I met with an editor recently and mentioned I have some violence in my YA manuscript. I asked if that's a problem, and she said, "Not at all." When I first tried breaking into fiction for adults, violence was an issue...as were love triangles and non-Hollywood endings. The freedom to be edgy and dark and imaginative is exhilarating.
I've read modern YA, and it's clear teens are eating up books that aren't sugar coated. Suzanne Collins's Hunger Games series has topped the bestseller lists with a plot that concerns a dystopian reality show in which kids hunt each other to the death. Harry Potter has a staggering body count by the seventh book, and the ending of Markus Zusak's YA bestseller, The Book Thief, is both violent and emotionally intense. I have no idea why I even asked that editor about the darkness of my own novel. Perhaps I'm worried the rules will suddenly change and YA authors will have to treat readers as delicately as the supposed audience of women's books.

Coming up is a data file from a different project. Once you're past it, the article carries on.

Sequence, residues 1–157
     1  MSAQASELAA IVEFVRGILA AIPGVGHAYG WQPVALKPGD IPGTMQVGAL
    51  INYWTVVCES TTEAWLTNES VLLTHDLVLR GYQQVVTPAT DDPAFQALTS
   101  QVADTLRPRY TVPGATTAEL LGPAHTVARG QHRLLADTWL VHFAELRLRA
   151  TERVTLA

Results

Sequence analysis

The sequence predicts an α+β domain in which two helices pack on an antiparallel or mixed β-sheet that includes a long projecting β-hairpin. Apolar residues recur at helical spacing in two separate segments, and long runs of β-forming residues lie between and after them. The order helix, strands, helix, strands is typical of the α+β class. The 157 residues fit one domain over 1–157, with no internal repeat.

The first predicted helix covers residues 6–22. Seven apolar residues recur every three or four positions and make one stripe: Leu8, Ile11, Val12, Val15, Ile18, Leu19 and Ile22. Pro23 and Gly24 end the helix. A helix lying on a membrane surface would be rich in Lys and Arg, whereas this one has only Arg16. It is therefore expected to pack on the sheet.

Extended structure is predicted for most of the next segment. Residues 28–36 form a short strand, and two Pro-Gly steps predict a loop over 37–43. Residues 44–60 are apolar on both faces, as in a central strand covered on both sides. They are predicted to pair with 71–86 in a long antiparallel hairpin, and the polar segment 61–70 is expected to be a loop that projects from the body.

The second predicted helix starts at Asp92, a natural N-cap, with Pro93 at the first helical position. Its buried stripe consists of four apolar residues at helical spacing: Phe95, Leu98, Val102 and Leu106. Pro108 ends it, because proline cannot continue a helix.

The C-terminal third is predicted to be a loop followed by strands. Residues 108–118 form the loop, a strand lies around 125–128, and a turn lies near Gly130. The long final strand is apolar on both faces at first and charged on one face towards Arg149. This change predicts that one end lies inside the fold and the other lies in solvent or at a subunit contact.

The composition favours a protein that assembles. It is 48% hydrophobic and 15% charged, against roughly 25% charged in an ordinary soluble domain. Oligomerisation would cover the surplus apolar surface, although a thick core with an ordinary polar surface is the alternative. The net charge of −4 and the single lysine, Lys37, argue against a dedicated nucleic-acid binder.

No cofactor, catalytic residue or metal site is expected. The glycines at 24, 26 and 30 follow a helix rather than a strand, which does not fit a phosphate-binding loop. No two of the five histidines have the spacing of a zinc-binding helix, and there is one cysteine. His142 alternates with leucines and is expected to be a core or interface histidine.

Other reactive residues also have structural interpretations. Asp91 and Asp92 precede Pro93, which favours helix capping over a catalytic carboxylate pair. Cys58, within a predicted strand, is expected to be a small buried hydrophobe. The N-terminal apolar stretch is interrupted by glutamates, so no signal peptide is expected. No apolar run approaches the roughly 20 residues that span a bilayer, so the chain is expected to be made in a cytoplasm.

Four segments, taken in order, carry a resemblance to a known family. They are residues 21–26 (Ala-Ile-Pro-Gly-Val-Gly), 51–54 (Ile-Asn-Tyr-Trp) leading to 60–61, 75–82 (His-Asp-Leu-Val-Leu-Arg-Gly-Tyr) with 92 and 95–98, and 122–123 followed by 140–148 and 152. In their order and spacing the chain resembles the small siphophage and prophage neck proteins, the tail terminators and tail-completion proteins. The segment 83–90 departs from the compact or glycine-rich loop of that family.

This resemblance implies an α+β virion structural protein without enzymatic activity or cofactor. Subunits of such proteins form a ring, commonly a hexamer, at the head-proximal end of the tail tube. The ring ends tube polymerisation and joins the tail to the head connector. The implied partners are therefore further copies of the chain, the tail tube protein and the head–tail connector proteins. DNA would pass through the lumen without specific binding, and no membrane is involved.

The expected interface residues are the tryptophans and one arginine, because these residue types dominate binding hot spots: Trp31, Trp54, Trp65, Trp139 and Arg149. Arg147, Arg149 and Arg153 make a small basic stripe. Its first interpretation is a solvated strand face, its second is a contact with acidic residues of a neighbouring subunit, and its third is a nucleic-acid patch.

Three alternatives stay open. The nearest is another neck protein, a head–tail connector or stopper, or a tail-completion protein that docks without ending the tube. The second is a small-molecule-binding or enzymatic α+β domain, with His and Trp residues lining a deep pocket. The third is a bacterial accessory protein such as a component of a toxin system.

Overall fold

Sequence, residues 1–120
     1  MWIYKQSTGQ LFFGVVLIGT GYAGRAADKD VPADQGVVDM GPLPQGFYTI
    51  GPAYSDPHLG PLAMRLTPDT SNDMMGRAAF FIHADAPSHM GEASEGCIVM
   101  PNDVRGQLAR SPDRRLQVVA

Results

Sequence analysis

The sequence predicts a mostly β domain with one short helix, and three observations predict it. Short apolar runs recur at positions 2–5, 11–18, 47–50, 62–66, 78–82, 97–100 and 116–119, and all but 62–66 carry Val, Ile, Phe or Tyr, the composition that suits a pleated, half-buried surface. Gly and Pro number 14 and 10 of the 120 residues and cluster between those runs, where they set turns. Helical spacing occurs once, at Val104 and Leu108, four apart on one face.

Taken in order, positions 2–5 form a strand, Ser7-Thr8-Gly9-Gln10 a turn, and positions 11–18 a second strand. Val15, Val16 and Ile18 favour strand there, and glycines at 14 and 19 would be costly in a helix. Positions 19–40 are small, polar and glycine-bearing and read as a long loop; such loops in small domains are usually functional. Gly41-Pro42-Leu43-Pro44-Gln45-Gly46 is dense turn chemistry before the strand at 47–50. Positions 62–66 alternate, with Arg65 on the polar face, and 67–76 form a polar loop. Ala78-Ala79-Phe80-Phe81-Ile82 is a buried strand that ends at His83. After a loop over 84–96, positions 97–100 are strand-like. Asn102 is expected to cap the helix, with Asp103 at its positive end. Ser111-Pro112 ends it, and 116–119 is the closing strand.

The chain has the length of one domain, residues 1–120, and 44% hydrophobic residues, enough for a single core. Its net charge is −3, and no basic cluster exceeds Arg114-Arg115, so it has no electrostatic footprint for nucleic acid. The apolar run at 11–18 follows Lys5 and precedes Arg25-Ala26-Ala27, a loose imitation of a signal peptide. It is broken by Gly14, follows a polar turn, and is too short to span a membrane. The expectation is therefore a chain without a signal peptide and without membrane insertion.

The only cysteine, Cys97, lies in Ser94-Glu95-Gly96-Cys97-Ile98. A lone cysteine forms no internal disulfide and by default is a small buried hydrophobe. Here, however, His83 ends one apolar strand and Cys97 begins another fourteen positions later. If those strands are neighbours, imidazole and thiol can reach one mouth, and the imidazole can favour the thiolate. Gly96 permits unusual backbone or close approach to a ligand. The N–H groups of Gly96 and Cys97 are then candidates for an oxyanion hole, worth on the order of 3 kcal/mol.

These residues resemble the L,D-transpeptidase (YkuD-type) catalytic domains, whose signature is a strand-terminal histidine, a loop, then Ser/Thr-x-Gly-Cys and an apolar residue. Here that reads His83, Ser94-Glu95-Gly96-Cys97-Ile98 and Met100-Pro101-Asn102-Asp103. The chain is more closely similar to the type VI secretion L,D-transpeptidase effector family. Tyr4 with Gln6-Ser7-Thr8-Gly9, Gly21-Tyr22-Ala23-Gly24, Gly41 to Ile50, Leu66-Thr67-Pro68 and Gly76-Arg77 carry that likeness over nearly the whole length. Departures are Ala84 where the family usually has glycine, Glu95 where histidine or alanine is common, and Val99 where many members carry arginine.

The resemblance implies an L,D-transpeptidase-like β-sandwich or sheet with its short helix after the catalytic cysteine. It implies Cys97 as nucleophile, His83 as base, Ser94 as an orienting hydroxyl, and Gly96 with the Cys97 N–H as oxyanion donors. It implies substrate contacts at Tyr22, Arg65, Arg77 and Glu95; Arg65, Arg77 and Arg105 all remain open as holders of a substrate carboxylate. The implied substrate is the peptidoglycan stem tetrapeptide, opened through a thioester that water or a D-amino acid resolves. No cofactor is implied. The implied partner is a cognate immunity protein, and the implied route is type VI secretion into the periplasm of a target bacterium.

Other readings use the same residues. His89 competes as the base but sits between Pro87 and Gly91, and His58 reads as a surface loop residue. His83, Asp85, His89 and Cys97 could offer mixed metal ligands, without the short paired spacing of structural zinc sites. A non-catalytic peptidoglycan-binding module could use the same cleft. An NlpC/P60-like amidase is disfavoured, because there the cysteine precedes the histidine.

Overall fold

My current favorite YA book cover is the one for Brenna Yovanoff's upcoming novel, The Replacement (see above). On my Suburban Vampire blog I've mentioned how YA fiction gets the best covers, and this one's no exception. Artistic. Intriguing. Deliciously dark. Can you imagine a cover with scissors and knives dangling over a baby's pram showing up in the aisles of women's fiction? That would be a no-no. . . yet so many grown women read YA fiction. I'm guessing I'm not the only adult female who flinches at candy-colored covers and the gentle happily-ever-after tales we're told women want. Grown-ups gobble up YA fiction alongside teens because YA writers are allowed more freedom with their tales. Imaginations can soar. I love that I discovered the pleasure of writing YA; I can let my mind be as creative as it wants to be. That's why I fell in love with writing in the first place.